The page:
As I mentioned briefly in the previous post, I wanted to make a little story to go along with my dungeon. Using the initial assortment of orcs and gnolls, I made a little story about the gnolls raiding an orc stronghold; this was mostly done by how the monsters are facing (invading gnolls toward the inside of the dungeon, defending orcs toward the outside), and naming the monsters. (Tediously, one by one.)
But, there’s no way to communicate this idea of an invasion directly to the player. The text “barks” a monster can give seem to be randomly triggered, so there’s no guarantee that they will communicate anything to the player on a particular run through of the dungeon. You can’t place an NPC to interact with the player, only to fight. Only a few items can be used in the dungeon; notably player-editable books that some people have used to tell stories. But, this limitation on interaction really limits the meaningful ways you can communicate with the player. So, I guess it shouldn’t be a surprise that the most popular dungeons are almost entirely about earning resources rather than telling an interesting story.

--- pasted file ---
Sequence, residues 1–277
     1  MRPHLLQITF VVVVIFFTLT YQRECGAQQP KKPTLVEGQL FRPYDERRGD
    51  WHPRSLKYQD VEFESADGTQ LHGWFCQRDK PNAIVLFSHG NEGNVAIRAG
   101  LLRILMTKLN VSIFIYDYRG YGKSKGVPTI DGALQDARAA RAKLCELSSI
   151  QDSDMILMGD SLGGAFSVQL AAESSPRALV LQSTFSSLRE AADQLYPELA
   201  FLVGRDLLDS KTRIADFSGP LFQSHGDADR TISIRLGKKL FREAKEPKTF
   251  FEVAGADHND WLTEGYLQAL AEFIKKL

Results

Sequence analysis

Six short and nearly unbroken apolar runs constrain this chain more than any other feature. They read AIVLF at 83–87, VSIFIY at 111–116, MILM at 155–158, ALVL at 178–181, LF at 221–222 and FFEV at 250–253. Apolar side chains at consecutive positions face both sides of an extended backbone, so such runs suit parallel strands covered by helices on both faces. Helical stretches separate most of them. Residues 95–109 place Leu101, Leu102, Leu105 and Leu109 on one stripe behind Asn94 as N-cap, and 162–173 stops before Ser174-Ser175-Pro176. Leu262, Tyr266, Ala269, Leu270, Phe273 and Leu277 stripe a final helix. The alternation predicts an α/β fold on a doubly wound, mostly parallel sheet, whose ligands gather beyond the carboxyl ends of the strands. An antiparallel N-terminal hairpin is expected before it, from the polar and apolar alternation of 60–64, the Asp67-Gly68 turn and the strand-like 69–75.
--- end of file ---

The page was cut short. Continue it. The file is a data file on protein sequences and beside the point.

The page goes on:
As outside, so inside
But, something struck me as I was going through a few of the low-level dungeons with my new character: this isn’t that much different than may of the existing dungeons. Sure, you might have a few NPCs that give out quests, but for the most part the dungeons are mostly filled with monsters that you need to destroy. Maybe you have some objective to kill X enemies or click on some macguffin, but that’s only slightly different than the goal of finding the exit of a player-made dungeon. The text given by the NPC that sent you to the dungeon is probably ignored more often than not. So, is the dungeon maker really crippled when held up to the rest of the world?
But, does this have to be the case? EQ2 is a fun enough game, but it was released a little more than 7 years ago. What more can we do with MMOs now? Can we incorporate more elements of real storytelling in games, perhaps approaching the long-standing dream of some people by incorporating some elements of tabletop RPGs? As we work on our project, these are some of the issues we keep in mind.
Aspirations beyond decoration
So, what do you think? Is storytelling a fertile area for us to explore? Or is MMO storytelling destined to be ignored and skipped? Is the dream of bringing tabletop RPG type stories to people worthwhile? Or is there something else that will tickle the creativity of the players in these games?